Here's manifiesting good things for your beloved writing projects, Tasha!

    • Tasha Fierce July 31, 2010 at 10:53 pm #

      I <3 you, you always have good things to say. I like the "leave things a little better than you found them". I've been trying to do that more. I'm also trying to put myself in other people's shoes more often.

      I get to go flea market shopping tomorrow and then I'm spending the rest of the day on work *I* want to do.

      Thanks for the love.

  14. chriso August 2, 2010 at 12:52 am #

    I know I am currently in a situation partially because there was a sort of perfect storm in my life to make it happen for me, but I really have never been happier that I quit my job, went to beauty school and became a hairstylist. It is the first time in my life that I haven't felt like I have a job, I actually have a growing career. It's kind of mind-boggling, to tell you the truth. And I sometimes wonder why I waited so long to fulfill the fantasy I'd had of doing this for years. But then I realize, hey, at least I did do it!

    I'd encourage you to try to figure out your version of that path – knowing that you have some demons you're battling right now so it's not easy. I started just by making a list of any possible career I could engage in, from the sublime to the ridiculous. Then I started to really pore over the list and eliminate things that didn't really resonate with me. It's a simple process but it really helped me. And I have to say, cheesy as it may sound, when you really pursue something you want and are passionate about, things have a way of working out. And I think you definitely deserve some of that!

    • Tasha Fierce August 2, 2010 at 11:58 pm #

      I'm so happy for you that you found a path that makes you happy, and you're really good at it! I can't wait to see you later this month. You can touch my hair. LOL.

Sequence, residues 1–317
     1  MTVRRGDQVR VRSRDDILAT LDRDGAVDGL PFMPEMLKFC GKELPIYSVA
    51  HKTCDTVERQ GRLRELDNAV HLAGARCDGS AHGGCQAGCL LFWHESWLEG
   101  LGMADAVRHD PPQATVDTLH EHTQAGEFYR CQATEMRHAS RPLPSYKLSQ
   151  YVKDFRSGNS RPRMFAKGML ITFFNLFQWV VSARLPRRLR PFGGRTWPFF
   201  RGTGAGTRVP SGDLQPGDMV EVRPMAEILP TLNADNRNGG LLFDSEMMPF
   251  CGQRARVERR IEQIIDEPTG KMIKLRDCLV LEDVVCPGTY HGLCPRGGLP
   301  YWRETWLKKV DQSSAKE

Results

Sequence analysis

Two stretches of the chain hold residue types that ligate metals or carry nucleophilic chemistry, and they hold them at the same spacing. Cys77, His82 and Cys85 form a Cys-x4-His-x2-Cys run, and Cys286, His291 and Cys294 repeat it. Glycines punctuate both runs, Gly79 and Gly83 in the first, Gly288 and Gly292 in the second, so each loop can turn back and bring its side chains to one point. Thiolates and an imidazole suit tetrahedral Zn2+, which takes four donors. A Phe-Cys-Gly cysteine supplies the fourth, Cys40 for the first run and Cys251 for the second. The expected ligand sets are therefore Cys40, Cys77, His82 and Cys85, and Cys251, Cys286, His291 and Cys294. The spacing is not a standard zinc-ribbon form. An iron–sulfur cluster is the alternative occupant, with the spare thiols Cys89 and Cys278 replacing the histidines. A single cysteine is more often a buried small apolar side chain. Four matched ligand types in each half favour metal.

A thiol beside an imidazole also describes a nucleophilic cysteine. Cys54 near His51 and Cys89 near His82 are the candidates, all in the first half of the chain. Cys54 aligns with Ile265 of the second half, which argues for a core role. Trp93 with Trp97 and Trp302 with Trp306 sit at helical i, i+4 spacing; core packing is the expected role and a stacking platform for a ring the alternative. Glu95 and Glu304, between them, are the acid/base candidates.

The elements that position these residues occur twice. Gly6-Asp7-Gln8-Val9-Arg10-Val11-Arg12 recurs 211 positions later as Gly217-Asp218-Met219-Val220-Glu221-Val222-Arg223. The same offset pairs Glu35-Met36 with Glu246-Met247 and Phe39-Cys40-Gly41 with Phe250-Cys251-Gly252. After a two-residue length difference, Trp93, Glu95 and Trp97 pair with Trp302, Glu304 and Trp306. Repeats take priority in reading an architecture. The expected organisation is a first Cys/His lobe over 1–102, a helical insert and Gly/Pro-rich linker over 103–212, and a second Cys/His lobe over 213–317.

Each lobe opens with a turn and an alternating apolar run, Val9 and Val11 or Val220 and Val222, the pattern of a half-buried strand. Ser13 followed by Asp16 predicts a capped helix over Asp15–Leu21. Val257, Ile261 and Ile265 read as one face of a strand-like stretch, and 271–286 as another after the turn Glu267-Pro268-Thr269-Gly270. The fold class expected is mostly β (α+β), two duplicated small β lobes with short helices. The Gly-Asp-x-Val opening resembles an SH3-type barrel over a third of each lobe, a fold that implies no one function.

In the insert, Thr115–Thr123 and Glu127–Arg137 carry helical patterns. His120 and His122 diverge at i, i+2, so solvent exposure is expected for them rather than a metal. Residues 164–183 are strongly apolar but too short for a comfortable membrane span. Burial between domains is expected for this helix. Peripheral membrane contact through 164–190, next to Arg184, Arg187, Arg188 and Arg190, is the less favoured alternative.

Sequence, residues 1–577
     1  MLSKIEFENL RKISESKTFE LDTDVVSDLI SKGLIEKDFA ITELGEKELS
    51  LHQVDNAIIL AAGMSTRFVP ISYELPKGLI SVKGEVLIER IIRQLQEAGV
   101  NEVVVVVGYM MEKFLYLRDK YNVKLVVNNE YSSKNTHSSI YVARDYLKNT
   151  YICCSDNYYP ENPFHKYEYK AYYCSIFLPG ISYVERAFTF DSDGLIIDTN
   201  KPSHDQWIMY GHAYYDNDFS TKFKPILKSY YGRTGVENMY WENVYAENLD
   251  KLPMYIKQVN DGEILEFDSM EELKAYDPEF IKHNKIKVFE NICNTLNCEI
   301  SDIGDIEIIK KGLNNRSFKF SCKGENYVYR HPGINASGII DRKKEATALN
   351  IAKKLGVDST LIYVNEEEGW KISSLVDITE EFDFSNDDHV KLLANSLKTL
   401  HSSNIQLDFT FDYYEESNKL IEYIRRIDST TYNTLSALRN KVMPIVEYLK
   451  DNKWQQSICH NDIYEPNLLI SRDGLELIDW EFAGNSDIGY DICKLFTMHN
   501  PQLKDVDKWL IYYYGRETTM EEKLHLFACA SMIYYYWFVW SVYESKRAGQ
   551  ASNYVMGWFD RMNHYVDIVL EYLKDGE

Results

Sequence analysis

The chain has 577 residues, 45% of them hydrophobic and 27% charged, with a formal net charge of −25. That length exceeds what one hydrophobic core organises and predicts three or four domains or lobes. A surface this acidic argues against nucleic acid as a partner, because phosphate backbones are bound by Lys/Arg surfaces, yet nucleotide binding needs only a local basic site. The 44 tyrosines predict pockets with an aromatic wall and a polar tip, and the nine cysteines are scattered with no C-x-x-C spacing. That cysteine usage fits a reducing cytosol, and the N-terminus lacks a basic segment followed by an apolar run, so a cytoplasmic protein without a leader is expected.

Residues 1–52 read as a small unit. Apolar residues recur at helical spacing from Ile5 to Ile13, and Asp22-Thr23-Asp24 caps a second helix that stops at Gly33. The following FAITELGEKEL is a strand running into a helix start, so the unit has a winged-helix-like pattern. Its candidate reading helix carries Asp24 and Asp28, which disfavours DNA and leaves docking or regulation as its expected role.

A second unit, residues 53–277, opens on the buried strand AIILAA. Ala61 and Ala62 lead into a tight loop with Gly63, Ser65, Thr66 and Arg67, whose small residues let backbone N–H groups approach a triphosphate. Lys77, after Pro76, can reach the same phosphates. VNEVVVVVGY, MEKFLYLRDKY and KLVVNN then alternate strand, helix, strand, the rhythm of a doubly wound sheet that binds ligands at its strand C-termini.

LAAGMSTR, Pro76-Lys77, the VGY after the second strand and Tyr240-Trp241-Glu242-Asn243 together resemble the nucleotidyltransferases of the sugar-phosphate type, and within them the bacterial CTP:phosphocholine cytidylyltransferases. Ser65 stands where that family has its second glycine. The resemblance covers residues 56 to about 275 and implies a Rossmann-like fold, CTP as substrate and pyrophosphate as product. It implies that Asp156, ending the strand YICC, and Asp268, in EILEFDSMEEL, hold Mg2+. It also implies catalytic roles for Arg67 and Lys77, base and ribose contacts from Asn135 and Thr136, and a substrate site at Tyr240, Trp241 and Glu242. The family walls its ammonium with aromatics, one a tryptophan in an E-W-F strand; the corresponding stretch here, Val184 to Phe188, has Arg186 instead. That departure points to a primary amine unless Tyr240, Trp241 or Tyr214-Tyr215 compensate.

• chriso August 3, 2010 at 11:04 pm #

        Oh man, that reminded me of white people in my beauty school getting snapped at when they tried to just touch some black students's hair and didn't realize how it was rude or inappropriate, especially when they petted said hair like it was a tiny animal at the petting zoo.

        • Tasha Fierce August 5, 2010 at 1:18 pm #

          Haha, a tiny animal. Yeah, our hair makes white people do all sorts of silly things.

  15. Lincoln August 2, 2010 at 10:17 pm #

    Yep…all of that.

    The weird part now is that since I'm on disability, people get this odd look on my face when they ask me what I do. I tell them I don't work, that I'm on state disability. They get this look they try REALLy hard to hide. It seems like they want to say "but you look so healthy, what could you possibly be on disability for?" But this is Seattle. We don't say those sorts of things out here. At least not out loud in front of the person. :-)

    I have been doing something called search engine optimization writing. It can be done from home (or anywhere). Though I have to tell you, even as little of it as I'm doing, working from home means the switch never turns off. There's no physical separation between me and the computer. I can always log on to textbroker.com and find another assignment if I want to, or write another post for someone else. So I spend a lot of time feeling like I SHOULD be writing. Sometimes for no other reason than because its there.

    Take three deep breaths…my girlfriend is fond of telling me "now is not forever". I don't know if that covers your situation.

    But we'll be here reading!

    • Tasha Fierce August 2, 2010 at 11:59 pm #

      That sounds interesting, you just go to that site and they give you assignments? I'll have to check that out! I hear you about the disability thing. When I was on disability people treated me like crap. I mean, they tried to couch it in non-crappy terms, but it was still crap.

  16. Tasha Fierce July 31, 2010 at 10:54 pm #

    OMG that "sick" system sounds so familiar. That's like my job as well. Hell, that's like every job I've had. In fact, that sounds like capitalism in general. Good link.